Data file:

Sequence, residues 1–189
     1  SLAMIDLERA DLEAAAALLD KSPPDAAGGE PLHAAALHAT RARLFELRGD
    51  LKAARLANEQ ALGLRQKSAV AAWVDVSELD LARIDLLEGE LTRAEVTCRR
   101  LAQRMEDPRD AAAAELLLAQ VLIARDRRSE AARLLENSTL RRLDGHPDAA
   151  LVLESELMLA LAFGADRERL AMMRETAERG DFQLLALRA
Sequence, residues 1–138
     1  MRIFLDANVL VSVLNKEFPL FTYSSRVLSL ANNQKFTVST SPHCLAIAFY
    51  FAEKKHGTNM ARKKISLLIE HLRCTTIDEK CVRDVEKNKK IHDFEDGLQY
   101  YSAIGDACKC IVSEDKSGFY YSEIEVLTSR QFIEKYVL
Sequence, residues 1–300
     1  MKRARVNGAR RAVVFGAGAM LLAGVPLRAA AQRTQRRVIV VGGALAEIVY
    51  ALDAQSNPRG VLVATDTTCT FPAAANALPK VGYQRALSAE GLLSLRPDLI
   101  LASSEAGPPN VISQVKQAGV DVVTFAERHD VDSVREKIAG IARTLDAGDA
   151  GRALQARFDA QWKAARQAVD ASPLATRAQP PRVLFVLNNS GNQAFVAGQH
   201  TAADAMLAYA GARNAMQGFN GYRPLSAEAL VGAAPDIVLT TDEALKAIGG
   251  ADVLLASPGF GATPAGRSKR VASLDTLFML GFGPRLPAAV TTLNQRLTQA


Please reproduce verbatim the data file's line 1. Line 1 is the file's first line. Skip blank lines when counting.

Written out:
Sequence, residues 1–189